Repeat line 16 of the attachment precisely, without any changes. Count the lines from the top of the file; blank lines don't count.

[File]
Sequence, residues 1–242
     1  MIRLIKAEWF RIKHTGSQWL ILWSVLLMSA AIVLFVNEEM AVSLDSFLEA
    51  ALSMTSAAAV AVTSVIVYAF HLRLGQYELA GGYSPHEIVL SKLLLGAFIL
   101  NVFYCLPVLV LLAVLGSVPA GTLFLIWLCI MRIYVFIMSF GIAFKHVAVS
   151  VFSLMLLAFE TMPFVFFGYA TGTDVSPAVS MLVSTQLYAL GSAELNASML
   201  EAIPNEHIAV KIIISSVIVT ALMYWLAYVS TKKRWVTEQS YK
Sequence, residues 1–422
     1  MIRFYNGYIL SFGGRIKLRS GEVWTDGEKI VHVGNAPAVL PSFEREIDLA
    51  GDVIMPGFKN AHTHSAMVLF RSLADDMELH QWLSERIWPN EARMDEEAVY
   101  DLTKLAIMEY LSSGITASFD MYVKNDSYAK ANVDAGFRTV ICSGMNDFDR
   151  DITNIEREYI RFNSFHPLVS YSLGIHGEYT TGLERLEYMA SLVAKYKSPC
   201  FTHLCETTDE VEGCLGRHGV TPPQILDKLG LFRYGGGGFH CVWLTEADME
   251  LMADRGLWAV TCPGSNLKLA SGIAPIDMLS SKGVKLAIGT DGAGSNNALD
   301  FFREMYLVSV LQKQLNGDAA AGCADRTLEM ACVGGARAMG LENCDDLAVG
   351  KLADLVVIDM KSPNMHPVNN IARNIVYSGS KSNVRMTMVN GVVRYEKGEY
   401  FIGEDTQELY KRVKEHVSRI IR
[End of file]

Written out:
   401  FIGEDTQELY KRVKEHVSRI IR